Top posts of 2017

It has become de rigueur to offer a rundown of the most read posts of 2017. So, here are the most read posts from this site. If you are searching around for a reason why these are my most read I suspect we can answer that in two words: Tim Challies. Whilst these are not the only posts to feature, the common theme for my top posts is that all have been listed on Challies A La Carte feature, which always provides a welcome boost to my meagre stats.

In order of most views, here are the most read posts of 2017 on this blog:

Five beliefs upheld by Calvinists that don’t undermine the doctrines of grace

A post addressing five common presumptions about Calvinism. It was the most read post of 2017. One of the points also caused a bit of stir, with a few people taking issue with the use of the word ‘good’. There were a couple of clarifying follow up posts.

Don’t be weirder than you have to be

A story appeared in national newspapers describing major rail disruption as people began jumping off trains fearing an imminent terror attack. It turned out, somebody was embarking on the worst evangelistic effort you are ever likely to see. The post made a plea for Christians not to be any weirder in sharing the gospel than we have to be.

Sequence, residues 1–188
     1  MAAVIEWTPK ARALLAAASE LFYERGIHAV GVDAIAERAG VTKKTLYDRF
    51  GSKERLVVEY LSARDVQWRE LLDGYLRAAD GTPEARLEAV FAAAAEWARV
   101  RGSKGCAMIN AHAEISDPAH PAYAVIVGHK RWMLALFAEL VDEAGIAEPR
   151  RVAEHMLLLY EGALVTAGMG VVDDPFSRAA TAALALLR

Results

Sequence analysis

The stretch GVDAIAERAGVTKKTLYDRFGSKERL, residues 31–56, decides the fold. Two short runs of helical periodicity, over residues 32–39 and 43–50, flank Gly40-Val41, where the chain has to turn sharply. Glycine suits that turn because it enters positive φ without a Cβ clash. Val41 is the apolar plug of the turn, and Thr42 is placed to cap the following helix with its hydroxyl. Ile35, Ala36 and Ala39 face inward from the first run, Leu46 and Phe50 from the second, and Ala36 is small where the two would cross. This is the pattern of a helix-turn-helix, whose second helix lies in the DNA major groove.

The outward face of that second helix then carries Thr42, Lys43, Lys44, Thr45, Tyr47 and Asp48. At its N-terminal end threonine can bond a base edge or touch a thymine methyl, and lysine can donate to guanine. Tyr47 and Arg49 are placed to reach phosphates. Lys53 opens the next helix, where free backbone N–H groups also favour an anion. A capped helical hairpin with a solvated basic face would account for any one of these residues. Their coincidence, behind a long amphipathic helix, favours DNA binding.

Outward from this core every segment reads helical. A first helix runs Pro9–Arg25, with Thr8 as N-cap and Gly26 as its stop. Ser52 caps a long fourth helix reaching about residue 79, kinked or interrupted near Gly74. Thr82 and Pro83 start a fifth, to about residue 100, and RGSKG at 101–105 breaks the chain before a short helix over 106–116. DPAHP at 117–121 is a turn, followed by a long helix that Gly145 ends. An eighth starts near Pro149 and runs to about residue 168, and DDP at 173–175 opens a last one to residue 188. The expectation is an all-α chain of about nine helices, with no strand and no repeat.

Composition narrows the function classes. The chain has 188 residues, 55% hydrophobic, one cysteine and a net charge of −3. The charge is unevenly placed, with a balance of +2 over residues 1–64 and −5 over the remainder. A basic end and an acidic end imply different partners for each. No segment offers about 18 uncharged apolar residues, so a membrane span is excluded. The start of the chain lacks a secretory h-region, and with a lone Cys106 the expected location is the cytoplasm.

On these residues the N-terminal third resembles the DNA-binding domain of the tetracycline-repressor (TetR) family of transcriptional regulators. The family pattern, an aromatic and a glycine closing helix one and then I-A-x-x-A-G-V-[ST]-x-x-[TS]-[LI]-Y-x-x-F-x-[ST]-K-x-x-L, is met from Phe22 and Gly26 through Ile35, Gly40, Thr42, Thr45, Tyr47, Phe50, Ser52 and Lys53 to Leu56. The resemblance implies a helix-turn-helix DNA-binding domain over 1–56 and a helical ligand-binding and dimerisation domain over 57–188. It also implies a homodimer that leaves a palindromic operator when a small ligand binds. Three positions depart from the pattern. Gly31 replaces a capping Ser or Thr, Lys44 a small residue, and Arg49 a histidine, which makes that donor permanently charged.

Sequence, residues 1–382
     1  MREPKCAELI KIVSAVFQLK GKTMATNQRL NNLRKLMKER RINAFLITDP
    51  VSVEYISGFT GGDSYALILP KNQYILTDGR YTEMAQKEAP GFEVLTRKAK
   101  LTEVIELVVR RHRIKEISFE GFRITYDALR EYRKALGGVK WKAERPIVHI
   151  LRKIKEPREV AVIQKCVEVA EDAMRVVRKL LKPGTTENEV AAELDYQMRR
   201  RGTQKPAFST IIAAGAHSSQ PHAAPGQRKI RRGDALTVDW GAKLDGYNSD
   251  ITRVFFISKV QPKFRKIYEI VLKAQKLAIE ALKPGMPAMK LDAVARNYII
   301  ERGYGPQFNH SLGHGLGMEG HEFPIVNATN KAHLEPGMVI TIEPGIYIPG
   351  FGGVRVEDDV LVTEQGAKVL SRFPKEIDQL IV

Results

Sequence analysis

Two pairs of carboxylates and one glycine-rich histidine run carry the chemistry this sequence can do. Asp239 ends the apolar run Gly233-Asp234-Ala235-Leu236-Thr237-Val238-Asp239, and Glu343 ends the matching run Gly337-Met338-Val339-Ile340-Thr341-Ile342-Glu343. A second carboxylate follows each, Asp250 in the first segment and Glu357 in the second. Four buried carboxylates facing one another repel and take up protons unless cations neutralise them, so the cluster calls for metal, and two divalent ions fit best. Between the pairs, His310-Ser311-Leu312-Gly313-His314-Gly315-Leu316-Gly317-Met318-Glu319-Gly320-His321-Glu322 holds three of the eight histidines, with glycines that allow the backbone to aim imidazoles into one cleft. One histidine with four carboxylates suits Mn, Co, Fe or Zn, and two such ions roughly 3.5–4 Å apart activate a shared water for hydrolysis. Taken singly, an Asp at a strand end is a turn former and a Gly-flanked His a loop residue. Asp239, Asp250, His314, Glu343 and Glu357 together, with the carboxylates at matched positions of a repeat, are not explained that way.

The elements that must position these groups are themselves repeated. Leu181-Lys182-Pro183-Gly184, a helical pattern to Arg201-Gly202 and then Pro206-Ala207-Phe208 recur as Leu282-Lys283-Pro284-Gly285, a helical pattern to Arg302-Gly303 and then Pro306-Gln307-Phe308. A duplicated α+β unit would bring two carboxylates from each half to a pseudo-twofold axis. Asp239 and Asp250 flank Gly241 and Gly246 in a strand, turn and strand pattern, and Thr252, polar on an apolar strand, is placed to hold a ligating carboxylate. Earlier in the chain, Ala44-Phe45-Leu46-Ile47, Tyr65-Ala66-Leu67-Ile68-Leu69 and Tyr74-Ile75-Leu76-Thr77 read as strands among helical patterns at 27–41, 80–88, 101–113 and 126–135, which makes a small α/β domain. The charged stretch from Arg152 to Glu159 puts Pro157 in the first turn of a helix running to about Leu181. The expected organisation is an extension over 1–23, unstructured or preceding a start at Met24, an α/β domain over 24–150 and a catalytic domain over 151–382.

What should we expect of our church members?

This post is drawn from the section of the Oldham Bethel Church membership document outlining what we expect of our church members. There are 6 key things we expect of all members as a basic bottom line.

What to do when people are disappointing and the church lets you down

As a room full of sinners, welcoming sinners like ourselves, opportunities to feel let down and disappointed abound in the church. If we aren’t to fall into the trap of upping sticks everytime we feel aggrieved, how do we respond when we feel let down by the church and its people?

How can I know I’ve been called to pastoral ministry?

Many people want to know whether they have been called to the ministry or not. But how can we know for sure? Is there a way we can be certain? This post wants to help you answer that question.